While we have seen that in the Early Modern period, lesbianism was typically silenced or coopted as an inferior version of homosexuality, in the literary imagination of the time lesbianism was also considered, in another light, as fruitful territory for the discussion of poetic creativity. If we turn now to Donne and his circle of acquaintances, we see that lesbianism is often used as a symbol for poetic fraternity in their writings. For example, in Donne's verse letter to R. W., "Zealously my Muse," female homosexuality characterizes a scene of erotic excess and doubleness involving two heterosexual couples (one poet and Muse conjoined with another poet and Muse). This scene suggests that lesbianism may ultimately be used to support a masculine poetic fraternity, for the two Muses stand in for the poets' meeting of minds. Donne's letter to R. W. begins with a salute from his Muse to "that mistique trinitee" (2) of R. W.'s "body, mind, and Muse" (4). Donne confronts R. W.'s separation from him by meditating on the three members of this "trinitee":

Dost thou recover sicknes, or prevent? Or is thy Mind travail'd with discontent? Or art thou parted from the world and mee In a good skorn of the worlds vanitee? Or is thy devout Muse retyr'd to sing Upon her tender Elegiaque string? (5-10)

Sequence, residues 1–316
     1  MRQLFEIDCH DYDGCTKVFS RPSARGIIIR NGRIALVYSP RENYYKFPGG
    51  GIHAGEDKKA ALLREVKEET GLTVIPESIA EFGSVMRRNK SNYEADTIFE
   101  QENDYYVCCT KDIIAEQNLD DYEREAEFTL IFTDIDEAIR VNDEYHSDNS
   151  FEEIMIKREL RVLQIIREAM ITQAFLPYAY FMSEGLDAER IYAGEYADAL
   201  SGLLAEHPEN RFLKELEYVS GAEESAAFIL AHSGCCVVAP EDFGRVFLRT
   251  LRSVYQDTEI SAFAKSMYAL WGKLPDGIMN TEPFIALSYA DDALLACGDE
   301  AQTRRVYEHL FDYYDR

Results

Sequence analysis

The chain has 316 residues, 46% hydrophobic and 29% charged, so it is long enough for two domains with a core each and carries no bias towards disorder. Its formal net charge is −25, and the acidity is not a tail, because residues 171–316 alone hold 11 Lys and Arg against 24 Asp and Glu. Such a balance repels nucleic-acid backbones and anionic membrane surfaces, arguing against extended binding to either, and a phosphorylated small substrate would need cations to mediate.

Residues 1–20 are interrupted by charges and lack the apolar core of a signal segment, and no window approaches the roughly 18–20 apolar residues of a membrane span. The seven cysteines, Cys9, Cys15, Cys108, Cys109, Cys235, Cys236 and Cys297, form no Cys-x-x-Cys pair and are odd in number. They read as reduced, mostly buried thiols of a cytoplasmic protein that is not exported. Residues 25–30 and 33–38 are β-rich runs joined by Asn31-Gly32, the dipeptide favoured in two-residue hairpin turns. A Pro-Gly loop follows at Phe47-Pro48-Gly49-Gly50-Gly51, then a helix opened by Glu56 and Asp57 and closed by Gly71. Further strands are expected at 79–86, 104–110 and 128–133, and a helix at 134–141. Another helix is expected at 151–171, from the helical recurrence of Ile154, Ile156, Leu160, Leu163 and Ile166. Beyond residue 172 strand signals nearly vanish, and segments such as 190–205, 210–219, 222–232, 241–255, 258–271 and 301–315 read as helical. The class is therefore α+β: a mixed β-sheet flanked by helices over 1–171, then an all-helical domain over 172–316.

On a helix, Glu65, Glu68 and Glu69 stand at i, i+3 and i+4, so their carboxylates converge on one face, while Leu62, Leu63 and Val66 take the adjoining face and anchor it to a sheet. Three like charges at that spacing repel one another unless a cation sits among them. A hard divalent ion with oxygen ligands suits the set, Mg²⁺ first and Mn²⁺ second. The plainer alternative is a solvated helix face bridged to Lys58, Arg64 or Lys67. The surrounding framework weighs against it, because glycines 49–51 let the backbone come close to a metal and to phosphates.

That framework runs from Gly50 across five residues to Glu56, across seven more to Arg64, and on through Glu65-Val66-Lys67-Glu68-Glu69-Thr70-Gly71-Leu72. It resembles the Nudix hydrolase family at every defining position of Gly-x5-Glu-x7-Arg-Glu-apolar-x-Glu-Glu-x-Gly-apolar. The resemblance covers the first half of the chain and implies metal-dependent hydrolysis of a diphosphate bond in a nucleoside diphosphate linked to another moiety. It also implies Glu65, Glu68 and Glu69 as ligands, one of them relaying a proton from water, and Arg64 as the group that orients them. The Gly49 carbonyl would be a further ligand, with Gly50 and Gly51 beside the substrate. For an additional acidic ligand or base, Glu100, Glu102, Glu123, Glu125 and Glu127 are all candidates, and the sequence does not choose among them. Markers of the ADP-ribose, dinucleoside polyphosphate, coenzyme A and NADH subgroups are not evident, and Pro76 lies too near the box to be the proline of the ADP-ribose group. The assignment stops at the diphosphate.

This meditation signals through its many interrogatives Donne's apprehension about his separation from his friend, an apprehension which is dismissed in the final couplet and its imperative:

Our Minds part not, joyne then thy Muse with myne, For myne is barren thus devorc'd from thyne. (11-12)

Donne here likens the union of their poetic intellects (contrasted with their physical separation) to a union of their Muses, a union which will transform the "sterility" of his own poetic activity.

This imaging of lesbianism as arising out of and reflecting their intellectual enterprises links poetic activity with (homo)sexual activity in an interesting way. Literally, the Muses' lovemaking would not produce offspring; however, because this "homotextuality" represents the bonding of two male poetic minds, it is not important that lesbian lovemaking be depicted realistically. While the fertility of the Muse is traditionally characterized as the result of the intercourse of Muse and male poet - i.e., a heterosexualized visualization of poetic activity - here it is opened up to include another couple. The use of these Muses thus produces and symbolizes male poetic bonding; the homoerotic desire between Donne and his friend is projected onto the Muses, so that their lovemaking represents the intellectual relationship these men share.